Great software delivery newsletters

I currently subscribe to a number of great newsletters around technology and software delivery. While the Fediverse is also a great place to pick up news and gossip I have found that there is something really valuable in having a regular curated round up of interesting articles. It may be no surprise that the consistently great newsletters are produced by people who are engaged in consultancy. I think they inevitably get exposed to trends and concerns in the industry and also can commit the time to writing up their thoughts and reflecting on their chosen content.

Pat Kua‘s Level Up focuses on technical leadership and tends to have good pieces around human factors, managing yourself and creating good systems for delivery. It also often has advice pieces for people coming into technical management or leadership.

John Cutler’s The Beautiful Mess focuses on Product but is also great on strategy and importantly is always focused on getting to a better product process by emphasising collaboration and breaking down barriers between functional silos. I also enjoy reading how he approaches putting together alternatives to roadmaps and strategy documents. I think he has the best sense on how to use things like metrics and North Stars.

Emily Weber writes Posts from Awesome Folk has a focus on management, leadership, consensus building and healthy organisation cultures. As the title suggests it offers a carefully curated selection of posts that are often longer form and are generally from expert practitioners.

Michael Brunton-Spall‘s Cyber Weekly is your one stop shop for news on security and analysis of the key issues of the day.

Simon Willison‘s newsletter is more recent and feels more like a very long blog that is getting pushed into the newsletter format. Despite this Simon is one of the most creative and independent developers you could read and he was early into the LLM and generative AI and has lots of interesting insight into what you can do with these models and what works and what doesn’t. He’s also an (intimidating) role model for what independent, solo devs can achieve.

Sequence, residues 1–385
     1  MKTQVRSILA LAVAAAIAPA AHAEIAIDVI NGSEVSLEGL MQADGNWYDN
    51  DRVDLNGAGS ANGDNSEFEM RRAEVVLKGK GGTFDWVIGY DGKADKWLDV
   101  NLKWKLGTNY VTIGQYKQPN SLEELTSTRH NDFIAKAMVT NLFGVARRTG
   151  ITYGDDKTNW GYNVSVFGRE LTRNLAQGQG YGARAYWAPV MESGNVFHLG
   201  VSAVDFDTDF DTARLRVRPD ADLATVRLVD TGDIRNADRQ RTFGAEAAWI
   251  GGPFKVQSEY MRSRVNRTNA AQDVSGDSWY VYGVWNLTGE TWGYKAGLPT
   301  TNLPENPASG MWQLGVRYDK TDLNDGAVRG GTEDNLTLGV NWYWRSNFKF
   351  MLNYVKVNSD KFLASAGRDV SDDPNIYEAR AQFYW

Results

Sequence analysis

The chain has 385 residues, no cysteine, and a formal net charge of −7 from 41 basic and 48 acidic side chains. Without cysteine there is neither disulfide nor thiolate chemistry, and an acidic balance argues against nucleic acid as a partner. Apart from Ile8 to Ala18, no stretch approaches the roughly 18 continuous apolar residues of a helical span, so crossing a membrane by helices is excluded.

I have a lot of other subscriptions (and indeed a lot of people seem to be starting newsletters currently) so I will probably need to do a follow up to this post in a couple of months if I see that people are posting consistently useful things. One general thing to point out is that if I’m working on a particular technology (like Django, Go or React) I’ll often subscribe to the weekly community news roundups to get a feel for what’s happening. However I find the volume of links and items is overwhelming if you don’t have a specific interest or purpose in reading through them so I relegate them to RSS when I’m not actively working with them and have a more occasional catchup.


Control expressions are functions too

I am kind of simultaneously learning Clojure and Scala, the former through the London Clojure Dojo (come and join us) and the latter through work. It is an interesting experience but I am very glad that Clojure is part of the mix as it helps understand a lot of things that are seem strange in Scala.

In Clojure everything is essentially either a function or a sequence. It is therefore not surprising to see that an if statement works like a function.

(if false 1 2)

Evaluating the above in a Clojure REPL results in the answer 2: if is a function that evaluates its first argument returning the second parameter if the evaluation is true, the third if false.

The same is true of Scala, with the additional wrinkle that if the different clauses evaluate to different types you could be in type hell. Despite its superficial similarity to Java syntax it is in fact quite different and you can compose it just as you would any other function.

1 + (if(true) 2 else 3)

Evaluated in a Scala REPL gives the result 3.

Scala 2.8 seems much better about making everything return a value (and hence act like a function), val and for will both now return Unit, which is not useful but prevents the compiler moaning.

This kind of thing is much easier to appreciate and learn in a pure functional language than in Scala where you never really know whether something is going to operate in a functional or object-orientated way.


Discovering Scala

Over the last two days I have been giving Scala a quick whirl and I have to say out of all the new languages (functional and otherwise) I have been looking at recently only Erlang is anywhere near as exciting. There is a small fifteen page tutorial and after finishing it I immediately thought: “I want to see more of that”.

I can’t put my finger on it at the moment but I imagine its the fact that it seems perhaps more familiar due to the Java background. The functional syntax is as confusing as any other functional language.

P.S. if you go through the short 15 page tutorial then there is a slight blip in the tutorial when case classes are introduced. All the code for the calculator example should be wrapped in an object block if you want it to work. I.e.

object Calculator {
... tutorial code